Contact: Samuel S. Epstein, MD, Professor of Environmental Medicine at the University of Illinois School of Public Health, Chicago, and Chairman of the Cancer Prevention Coalition.

The first response by the Monsanto/FDA axis to concerns about rBGH in milk (US surveys have consistently shown that more than 70 per cent of respondents do not want to drink it) was to turn to the law. In 1994, the FDA warned retailers not to label milk that was free of rBGH thus effectively removing from consumers the right to choose what they drank. The FDA's main justification for this was that, in their words, there was "virtually" no difference between rBGH-treated milk and ordinary milk. Labelling would thus unfairly discriminate against companies like Monsanto.(18)

Piccy of Doctor
"I'm going to put you on a course of hormones - I recommend drinking three pints of milk a day"
The FDA official responsible for developing this labelling policy was one Michael R. Taylor. Before moving to the FDA, he was a partner in the law firm that represented Monsanto as it applied for FDA approval for Posilac. He has since moved back to work for Monsanto.(19)

As a result of this policy, the FDA threatened retailers with legal action if they dared to label their milk 'BGH-free'. Monsanto itself filed two lawsuits against milk processors who labelled their milk, and posted warnings to others not to do so.(20) The American ice-cream makers Ben and Jerry, who have always refused to use BGH-treated milk, recently filed a lawsuit against the state of Illinois, which ruled that they cannot label their products 'BGH-free'.(21)

Monsanto and its allies have even used the US Constitution to prevent consumers knowing what is in the milk they drink. In April 1994, the State of Vermont passed a law requiring that products containing rBGH be clearly labelled. A coalition of dairy industries and Monsanto immediately filed a suit asserting that the new law was "unconstitutional", on the grounds that it violated the First Amendment, which asserts a constitutional fight not to be forced to disclose information. Monsanto won.(22)

Faced with growing consumer outrage at these tactics, Monsanto has now reluctantly abandoned its lawsuits against retailers, and labelling milk 'BGH-free' is now permitted in the US. But the FDA still refuses to require producers to so label their milk, and even now, many people have no idea what's really in their milk.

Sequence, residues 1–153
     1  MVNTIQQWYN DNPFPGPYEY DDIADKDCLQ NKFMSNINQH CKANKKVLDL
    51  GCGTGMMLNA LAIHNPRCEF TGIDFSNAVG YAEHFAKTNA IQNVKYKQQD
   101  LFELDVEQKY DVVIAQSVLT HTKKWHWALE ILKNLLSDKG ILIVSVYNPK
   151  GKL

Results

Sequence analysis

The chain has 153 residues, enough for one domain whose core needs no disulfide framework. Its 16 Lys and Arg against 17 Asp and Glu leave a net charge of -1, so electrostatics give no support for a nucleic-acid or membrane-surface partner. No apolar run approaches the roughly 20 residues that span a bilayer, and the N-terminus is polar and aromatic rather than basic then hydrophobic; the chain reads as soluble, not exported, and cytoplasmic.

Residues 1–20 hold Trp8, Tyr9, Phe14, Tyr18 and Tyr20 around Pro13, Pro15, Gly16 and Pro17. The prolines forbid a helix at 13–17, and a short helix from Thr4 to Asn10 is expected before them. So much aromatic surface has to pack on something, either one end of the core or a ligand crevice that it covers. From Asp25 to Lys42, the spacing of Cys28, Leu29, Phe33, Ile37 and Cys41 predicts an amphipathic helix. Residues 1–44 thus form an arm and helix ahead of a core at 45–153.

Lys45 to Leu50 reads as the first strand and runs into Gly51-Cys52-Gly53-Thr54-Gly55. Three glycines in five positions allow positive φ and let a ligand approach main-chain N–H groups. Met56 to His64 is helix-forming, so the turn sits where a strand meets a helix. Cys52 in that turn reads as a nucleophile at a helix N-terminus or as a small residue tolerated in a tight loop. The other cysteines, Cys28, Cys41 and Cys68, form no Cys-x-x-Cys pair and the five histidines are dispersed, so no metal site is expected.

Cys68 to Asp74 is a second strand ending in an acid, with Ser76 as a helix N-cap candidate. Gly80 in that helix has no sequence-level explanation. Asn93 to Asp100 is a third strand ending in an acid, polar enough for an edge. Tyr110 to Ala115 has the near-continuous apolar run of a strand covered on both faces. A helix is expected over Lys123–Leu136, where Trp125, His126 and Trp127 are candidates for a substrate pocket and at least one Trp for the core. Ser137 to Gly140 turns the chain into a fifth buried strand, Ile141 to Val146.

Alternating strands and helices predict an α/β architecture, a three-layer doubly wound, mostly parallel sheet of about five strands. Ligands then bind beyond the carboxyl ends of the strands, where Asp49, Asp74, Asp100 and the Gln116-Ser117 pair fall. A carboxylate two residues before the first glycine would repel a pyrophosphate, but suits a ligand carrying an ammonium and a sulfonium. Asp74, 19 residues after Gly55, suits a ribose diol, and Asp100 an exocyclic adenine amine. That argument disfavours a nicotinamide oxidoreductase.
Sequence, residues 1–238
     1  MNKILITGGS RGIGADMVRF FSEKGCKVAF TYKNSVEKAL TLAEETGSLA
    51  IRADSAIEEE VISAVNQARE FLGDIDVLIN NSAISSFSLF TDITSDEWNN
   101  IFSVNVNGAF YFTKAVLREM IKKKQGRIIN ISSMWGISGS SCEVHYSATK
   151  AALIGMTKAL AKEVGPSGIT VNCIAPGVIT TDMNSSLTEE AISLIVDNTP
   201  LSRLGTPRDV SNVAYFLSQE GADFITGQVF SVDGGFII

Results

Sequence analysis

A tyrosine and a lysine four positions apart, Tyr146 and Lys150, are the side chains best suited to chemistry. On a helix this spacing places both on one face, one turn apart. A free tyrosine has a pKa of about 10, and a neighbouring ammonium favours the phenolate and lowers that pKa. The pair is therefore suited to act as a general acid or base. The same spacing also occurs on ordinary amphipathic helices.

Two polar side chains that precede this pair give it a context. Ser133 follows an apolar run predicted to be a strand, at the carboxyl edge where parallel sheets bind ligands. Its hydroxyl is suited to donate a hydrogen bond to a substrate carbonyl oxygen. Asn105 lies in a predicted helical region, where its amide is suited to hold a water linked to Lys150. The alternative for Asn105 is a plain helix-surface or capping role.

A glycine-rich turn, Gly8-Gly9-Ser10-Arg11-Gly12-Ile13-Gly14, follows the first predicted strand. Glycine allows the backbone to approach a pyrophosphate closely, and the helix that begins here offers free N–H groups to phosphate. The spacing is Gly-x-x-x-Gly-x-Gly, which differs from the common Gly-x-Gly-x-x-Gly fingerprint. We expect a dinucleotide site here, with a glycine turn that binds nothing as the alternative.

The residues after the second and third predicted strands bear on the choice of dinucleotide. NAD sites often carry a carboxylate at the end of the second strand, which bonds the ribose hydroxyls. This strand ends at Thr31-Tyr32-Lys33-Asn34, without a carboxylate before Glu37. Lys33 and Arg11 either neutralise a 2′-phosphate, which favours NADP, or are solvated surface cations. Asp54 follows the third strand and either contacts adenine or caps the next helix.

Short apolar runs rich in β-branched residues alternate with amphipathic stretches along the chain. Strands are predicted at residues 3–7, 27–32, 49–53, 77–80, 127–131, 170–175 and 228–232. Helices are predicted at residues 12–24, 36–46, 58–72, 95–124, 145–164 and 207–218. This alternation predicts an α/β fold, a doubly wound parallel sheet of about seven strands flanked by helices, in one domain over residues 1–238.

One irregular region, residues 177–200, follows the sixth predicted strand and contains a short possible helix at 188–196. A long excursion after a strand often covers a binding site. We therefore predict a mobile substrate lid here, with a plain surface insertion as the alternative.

(continues after box)

Bovine Growth Hormone and Breast Cancer
As reported in a May 9 article in The Lancet, women with a relatively small increase in blood-levels of the naturally occurring growth hormone, Insulin-like Growth Factor 1 (IGF-1), are up to seven times more likely to develop premenopausal breast cancer than women with lower levels. Based on those results, the report concluded that the risks of elevated IGF-1 blood-levels are among the leading known risk factors for breast cancer, and are exceeded only by a strong family history of the disease or unusual mammographic abnormalities. Apart from breast cancer, an accompanying editorial warned that elevated IGF-1 levels are also associated with greater-than-any-known risk factors for other major cancers, particularly colon and prostate.

This latest evidence is not unexpected. Higher rates of breast, besides colon, cancer have been reported in patients with gigantism (acromegaly) who have high IGF-1 blood-levels. Other studies have also shown that administration of IGF-1 to elderly female primates causes marked breast enlargement and proliferation of breast tissue, that IGF-1 is a potent stimulator of human breast cells in tissue culture, that it blocks the programmed self-destruction of breast cancer cells, and enhances their growth and invasiveness.

Again, these various reports appear surprisingly unaware of the fact that the entire US population is now exposed to high levels of IGF-1 in dairy products.

For these reasons too, the FDA should withdraw its approval of rBGH milk. A Congressional investigation of the FDA's abdication of responsibility is well overdue.

Prepared by The Cancer Prevention Coalition.